Several banks seek leniency in EU Euribor probe
Several banks under investigation for suspected rigging of euro interest rates have joined Deutsche Bank in giving information to EU antitrust regulators in the hope of lower fines if they are found guilty, two people familiar with the matter said on Monday.
The European Commission is investigating possible manipulation of the Euro Interbank Offered Rate (Euribor) benchmark rate at which banks lend in euros to each other.
The EU watchdog has not disclosed the names of the banks being investigated. They face fines of up to 10 percent of their global revenues if found to have breached EU antitrust rules.
Deutsche Bank, which sources say is already cooperating with the authorities, had revenues last year of 33.2 billion euros.
“Several banks have come forward with information to the Commission,” said one of the sources, who declined to be identified because of the sensitivity of the matter. This person declined to provide more details.
The second person said there could be at least two banks, besides Deutsche Bank, which have sought leniency under the European Commission’s scheme to encourage whistleblowers.
A total of 43 banks sit on the Euribor panel, which is hosted by the European Banking Federation. The rate is used as a reference for trillions of euros in euro-denominated loans and debt instruments.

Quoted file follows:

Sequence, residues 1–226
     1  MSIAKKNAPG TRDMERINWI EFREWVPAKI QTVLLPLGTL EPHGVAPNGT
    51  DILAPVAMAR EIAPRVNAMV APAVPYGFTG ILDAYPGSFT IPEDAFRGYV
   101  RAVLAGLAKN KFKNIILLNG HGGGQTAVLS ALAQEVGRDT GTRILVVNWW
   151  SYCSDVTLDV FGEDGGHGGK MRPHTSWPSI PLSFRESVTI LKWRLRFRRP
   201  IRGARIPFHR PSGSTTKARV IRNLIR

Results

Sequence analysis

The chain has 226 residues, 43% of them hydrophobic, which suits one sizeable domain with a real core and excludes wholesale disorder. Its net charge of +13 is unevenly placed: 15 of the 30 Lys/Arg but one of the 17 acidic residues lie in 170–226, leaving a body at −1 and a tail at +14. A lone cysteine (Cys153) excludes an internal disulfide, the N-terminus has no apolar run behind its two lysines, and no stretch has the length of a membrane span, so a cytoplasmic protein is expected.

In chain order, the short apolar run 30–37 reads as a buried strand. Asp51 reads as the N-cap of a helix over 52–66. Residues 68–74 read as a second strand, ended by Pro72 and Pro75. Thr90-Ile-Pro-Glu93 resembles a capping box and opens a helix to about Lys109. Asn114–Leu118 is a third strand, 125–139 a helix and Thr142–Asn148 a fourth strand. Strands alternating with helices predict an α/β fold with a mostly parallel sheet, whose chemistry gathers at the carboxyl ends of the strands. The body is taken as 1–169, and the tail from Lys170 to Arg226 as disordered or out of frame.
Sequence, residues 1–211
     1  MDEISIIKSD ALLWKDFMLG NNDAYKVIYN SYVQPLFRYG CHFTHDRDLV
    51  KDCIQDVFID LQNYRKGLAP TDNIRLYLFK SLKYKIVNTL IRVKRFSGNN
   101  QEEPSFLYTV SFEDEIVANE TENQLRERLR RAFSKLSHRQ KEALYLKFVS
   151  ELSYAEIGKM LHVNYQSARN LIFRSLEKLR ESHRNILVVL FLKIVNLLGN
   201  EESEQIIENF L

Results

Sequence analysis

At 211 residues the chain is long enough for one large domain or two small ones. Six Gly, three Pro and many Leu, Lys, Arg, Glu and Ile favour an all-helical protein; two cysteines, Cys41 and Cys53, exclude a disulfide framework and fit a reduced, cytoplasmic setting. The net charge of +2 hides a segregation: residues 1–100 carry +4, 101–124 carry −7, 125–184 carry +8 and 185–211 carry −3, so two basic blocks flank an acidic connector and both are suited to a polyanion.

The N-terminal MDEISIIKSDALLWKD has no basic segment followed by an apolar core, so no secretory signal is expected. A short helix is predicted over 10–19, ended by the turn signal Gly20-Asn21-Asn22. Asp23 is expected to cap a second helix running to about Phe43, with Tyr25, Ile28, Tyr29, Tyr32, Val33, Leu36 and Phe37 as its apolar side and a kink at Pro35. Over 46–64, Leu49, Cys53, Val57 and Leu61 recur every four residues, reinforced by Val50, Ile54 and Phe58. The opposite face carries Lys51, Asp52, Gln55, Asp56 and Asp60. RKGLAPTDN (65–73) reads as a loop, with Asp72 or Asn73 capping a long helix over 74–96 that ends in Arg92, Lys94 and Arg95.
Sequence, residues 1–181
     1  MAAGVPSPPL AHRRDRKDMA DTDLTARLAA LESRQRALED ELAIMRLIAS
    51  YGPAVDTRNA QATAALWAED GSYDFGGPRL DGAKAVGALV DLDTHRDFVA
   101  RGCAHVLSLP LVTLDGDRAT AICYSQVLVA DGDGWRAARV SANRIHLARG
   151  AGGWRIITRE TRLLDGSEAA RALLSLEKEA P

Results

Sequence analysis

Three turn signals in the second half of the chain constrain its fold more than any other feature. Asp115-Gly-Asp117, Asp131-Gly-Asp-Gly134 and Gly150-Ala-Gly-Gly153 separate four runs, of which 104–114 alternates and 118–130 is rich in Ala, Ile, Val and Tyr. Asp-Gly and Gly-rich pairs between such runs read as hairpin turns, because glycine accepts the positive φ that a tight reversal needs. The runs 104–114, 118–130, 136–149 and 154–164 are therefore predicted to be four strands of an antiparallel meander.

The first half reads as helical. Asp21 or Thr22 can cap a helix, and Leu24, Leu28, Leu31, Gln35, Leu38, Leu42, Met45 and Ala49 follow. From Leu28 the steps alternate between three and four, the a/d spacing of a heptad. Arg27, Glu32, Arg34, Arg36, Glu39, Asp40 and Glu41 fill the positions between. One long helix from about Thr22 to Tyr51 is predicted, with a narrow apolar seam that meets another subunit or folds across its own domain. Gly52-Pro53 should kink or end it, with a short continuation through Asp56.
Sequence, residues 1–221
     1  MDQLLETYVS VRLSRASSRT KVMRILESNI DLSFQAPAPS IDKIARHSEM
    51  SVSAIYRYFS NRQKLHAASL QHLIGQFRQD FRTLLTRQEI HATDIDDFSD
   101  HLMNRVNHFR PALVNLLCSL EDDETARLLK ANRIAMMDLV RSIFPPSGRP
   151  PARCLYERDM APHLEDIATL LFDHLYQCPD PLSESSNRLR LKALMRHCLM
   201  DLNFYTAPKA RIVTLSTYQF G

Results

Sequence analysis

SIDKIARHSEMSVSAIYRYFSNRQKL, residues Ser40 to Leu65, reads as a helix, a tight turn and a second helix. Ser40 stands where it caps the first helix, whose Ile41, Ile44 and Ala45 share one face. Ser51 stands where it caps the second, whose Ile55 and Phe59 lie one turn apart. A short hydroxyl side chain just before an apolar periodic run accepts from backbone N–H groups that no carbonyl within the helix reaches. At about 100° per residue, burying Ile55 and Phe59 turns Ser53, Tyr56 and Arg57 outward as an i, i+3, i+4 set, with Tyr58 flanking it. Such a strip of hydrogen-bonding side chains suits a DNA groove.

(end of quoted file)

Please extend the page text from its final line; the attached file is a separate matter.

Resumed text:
Under the Commission’s leniency policy, the whistleblower gets off scot-free. Fines can be reduced by 30 to 50 percent for the next company to provide evidence of wrongdoing, and by 20 to 30 percent for the following applicant. Subsequent applicants can get a reduction in any penalty of up to 20 percent.
To qualify, companies must provide what the regulator terms “significant added value” information.
The Commission is also investigating possible manipulation of the London Interbank Offered Rate (Libor) and the Tokyo Interbank Offered Rate (Tibor).
Manipulation of Libor, which is used to set prices for trillions of dollars of financial products around the globe, has already landed Barclays <barc.l>with $453 million in penalties from U.S. and British regulators, and cost chief executive Bob Diamond his job. The rate-fixing scandal threatens to drag in several other banks.
Regulators in the United States, Japan and Singapore are also investigating various interest rate benchmarks.
Thomson Reuters Corp <tri.to>is the British Bankers’ Association’s official agent for the daily calculation and publishing of Libor.